A Venezuelan government statement Thursday said that President
Hugo Chavez, who has been secreted inside a Cuban hospital since
undergoing surgery on Dec. 11, was facing "complications" from "a
severe lung infection." As has been the case throughout his nearly
two-year bout with cancer, details of the strongman's condition,
treatment and prognosis are unavailable. But Venezuelans are bracing
themselves for the death of the caudillo who has ruled them -- and
wrecked their once-prosperous country -- over the past 13 years. The
United States and its Latin American allies need to prepare, as
Chavez's condition arrived at a critical moment: He is due to be sworn in next Thursday for another six-year term in office. Having won re-election in October after assuring Venezuelans that he was fully cured, the president disappeared soon afterward; in his last appearance before departing for Cuba, he appointed foreign minister Nicolas Maduro as his vice president and political successor. If Chavez is too ill to attend his inauguration, authorities are saying, they will simply delay it -- a stretch of the constitution's ambiguous wording. But when and if he dies, the constitution is clear: A new election for president should be held within 30 days.
That will be a critical test of Venezuela's post-Chavez direction. The ruler's inner circle, which has been gathering around him in Cuba, may consider postponing the election or even calling it off. Their fear -- and that of the Castro regime in Cuba -- is that a fair vote would be won by opposition leader Henrique Capriles, who lost the October presidential ballot but is more popular than Maduro. Maduro is Cuba's candidate, the successor most likely to ensure continued deliveries of the heavily subsidized Venezuelan oil that is keeping the Communist regime afloat.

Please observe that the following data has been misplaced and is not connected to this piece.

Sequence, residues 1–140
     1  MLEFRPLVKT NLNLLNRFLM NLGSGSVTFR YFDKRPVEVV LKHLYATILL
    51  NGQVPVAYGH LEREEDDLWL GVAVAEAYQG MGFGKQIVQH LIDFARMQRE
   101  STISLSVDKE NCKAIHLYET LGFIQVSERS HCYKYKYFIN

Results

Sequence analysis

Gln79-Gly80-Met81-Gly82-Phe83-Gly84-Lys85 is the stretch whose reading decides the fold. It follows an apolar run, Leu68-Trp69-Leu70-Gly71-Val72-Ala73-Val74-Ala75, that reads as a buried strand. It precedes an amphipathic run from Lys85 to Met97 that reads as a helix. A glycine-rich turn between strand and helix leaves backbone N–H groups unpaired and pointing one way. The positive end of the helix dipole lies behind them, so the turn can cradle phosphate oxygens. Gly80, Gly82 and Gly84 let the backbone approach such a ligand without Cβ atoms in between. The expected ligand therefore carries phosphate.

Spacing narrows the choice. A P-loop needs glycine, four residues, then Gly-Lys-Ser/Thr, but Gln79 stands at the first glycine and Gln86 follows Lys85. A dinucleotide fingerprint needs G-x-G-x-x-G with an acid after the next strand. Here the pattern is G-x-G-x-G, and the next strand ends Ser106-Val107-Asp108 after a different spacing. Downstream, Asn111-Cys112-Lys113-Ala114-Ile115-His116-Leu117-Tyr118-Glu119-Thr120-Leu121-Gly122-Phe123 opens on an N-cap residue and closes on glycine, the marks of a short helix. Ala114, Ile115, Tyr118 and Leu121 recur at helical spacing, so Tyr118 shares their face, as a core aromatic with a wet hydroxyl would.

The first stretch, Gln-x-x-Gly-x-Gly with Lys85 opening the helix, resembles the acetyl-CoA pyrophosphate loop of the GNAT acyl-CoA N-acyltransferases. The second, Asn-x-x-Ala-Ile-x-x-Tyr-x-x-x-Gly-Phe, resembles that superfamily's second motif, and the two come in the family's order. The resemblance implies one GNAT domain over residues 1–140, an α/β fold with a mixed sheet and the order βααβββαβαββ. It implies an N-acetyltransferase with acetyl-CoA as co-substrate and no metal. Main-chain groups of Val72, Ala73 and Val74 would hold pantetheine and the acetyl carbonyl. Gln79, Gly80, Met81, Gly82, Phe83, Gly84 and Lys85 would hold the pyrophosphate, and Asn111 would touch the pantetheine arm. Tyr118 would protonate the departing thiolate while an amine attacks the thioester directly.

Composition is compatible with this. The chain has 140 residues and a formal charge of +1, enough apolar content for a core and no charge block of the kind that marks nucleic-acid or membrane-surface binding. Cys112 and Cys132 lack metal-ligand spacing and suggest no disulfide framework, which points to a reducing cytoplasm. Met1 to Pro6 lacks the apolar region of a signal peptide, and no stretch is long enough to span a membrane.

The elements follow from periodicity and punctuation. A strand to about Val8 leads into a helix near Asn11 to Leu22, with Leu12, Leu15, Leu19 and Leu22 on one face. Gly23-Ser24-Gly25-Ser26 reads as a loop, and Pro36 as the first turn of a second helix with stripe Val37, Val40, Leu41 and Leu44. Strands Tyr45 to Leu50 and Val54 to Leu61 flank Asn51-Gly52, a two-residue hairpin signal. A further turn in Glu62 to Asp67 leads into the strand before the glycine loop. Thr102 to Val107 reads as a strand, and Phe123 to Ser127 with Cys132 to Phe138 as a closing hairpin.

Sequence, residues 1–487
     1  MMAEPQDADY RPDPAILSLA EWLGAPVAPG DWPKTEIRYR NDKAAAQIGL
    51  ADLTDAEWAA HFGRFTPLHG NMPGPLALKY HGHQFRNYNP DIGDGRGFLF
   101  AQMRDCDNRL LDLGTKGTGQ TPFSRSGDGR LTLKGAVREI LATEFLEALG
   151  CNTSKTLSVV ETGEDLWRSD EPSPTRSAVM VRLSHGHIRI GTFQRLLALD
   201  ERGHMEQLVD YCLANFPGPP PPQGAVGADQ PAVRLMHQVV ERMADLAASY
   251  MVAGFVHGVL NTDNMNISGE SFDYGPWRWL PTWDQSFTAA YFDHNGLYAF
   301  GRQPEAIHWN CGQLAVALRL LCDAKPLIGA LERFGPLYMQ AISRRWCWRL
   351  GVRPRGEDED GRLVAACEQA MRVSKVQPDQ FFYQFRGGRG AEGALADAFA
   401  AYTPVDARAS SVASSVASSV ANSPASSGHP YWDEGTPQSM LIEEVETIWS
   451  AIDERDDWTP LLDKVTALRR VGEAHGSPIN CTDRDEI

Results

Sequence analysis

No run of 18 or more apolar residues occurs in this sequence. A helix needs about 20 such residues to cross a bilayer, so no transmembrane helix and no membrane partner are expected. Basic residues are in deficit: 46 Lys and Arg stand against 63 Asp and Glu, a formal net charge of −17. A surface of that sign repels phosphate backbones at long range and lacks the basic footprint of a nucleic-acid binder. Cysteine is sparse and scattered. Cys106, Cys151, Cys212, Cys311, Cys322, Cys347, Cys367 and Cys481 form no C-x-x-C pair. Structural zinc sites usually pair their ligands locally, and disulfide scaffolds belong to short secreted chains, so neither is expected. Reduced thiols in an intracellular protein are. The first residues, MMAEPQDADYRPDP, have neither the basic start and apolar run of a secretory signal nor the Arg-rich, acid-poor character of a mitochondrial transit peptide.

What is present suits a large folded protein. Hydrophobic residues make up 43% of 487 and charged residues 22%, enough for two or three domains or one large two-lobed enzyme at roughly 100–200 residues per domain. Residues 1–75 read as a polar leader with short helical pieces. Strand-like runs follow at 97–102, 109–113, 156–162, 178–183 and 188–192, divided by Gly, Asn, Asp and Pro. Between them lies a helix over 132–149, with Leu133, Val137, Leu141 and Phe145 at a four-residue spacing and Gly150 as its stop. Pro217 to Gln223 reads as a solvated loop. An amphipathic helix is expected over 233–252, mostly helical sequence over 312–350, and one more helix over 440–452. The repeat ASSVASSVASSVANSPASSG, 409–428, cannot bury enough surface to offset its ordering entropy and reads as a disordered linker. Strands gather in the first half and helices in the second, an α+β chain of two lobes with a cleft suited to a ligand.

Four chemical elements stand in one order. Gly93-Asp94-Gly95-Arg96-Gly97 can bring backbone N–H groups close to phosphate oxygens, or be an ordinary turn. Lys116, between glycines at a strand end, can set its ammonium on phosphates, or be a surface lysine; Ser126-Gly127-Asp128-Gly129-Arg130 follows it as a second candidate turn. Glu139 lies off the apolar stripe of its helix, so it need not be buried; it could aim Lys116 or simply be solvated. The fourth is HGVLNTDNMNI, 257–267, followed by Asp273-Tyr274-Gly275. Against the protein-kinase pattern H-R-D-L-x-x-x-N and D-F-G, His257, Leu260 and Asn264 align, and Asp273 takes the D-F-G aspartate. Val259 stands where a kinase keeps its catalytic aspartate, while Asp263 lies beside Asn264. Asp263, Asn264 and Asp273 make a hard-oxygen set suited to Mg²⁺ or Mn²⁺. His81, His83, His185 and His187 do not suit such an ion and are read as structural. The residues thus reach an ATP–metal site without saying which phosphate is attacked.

That's why the first responsibility of the United States and Venezuelan neighbors such as Brazil should be to insist that the presidential election be held and that it be free and fair. The State Department rightly made that demand public on Thursday, following recent private contacts between officials of the two governments. The administration should be prepared to respond quickly if Chavez's followers or military leaders -- some of whom are under U.S. sanction for drug trafficking -- attempt a coup.
Whoever succeeds Chavez will face a catastrophic economic situation. To win re-election, Chavez spent wildly last year, increasing the budget deficit to 20 percent of gross domestic product; his successor will be forced to order a sharp and painful devaluation. That will only worsen already high inflation and shortages of staple foods. When poor Venezuelans realize that lavish pre-election promises of new apartments and appliances won't be delivered, anger toward the new leader may swell.
Sadly, the economic pain caused by Chavez could, after his death, help create a political movement that will revere his memory. Forty years after the death of Juan Peron, Peronism still haunts and holds back Argentina. If Venezuela is to escape a similar curse, Chavez's successors will have to balance economic stabilization against the need to build a political system where democracy, and not autocratic populism, can thrive.
The Washington Post (Jan. 6)
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